Portraits. Luc Tuymans
Essays by Toby Kamps and Robert Storr
Portraits. Luc Tuymans presents 35 paintings from bodies of work ranging over the artist’s entire career. Most seem conventional portraits —Himmler, 1997/98, A Flemish Intellectual, 1995—but others, such as Bloodstains, 1993, and Fingers, 1995, exhibit the artist’s elliptical approach to representation. Tuymans’s canvases are placed in counterpoint to his selections from the Menil Collection: masks, statuary, and paintings from African, ancient Mediterranean, and Native American cultures, as well as European figurative works. The assembly explores such themes as death and memorials, ritual or religion, power, evildoers, and altruism.
Publisher: Yale University Press / The Menil Collection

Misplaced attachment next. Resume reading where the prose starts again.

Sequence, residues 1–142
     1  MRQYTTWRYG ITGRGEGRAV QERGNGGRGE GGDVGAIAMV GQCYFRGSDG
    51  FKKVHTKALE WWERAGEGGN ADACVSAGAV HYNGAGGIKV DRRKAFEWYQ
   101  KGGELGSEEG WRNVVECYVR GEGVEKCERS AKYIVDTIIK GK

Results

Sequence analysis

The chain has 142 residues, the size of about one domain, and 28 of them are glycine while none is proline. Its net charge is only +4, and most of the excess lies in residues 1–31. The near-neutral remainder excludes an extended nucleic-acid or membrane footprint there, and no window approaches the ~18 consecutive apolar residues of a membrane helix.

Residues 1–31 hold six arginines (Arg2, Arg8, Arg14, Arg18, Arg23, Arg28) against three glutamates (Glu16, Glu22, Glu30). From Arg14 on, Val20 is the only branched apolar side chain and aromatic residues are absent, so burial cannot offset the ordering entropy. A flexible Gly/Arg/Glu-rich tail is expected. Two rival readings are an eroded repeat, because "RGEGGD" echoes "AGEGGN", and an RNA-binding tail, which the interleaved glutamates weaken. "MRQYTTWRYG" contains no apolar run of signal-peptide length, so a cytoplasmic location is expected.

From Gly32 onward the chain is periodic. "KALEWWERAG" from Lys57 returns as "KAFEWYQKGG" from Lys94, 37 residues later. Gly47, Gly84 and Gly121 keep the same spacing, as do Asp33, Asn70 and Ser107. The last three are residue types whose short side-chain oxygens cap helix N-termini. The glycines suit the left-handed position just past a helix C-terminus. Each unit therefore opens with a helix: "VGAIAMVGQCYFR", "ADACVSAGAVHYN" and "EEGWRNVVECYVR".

Artists: Luc Tuymans
Publication Date: 2013
Dimensions: 9 1/2 x 11 in (24.1 x 27.9 cm)
Reproductions: 62 color
Retail: $50 US & Canada | £30 | €37
Luc Tuymans (b. 1958, Mortsel) is a Belgian artist who is internationally known for his paintings that engage equally with questions of history and its representation as with quotidian subject matter cast in unfamiliar and eerie light. Painted from preexisting imagery, his works often appear slightly out-of-focus and sparsely colored, like third-degree abstractions from reality. Whereas earlier works were based on magazine pictures, drawings, television footage, and Polaroids, recent source images include material accessed online and the artist’s own iPhone photos, printed out and sometimes re-photographed several times. Since the 1980s, Tuymans has steadily exhibited in the United States, Europe, and abroad, and his work is represented in major museum collections.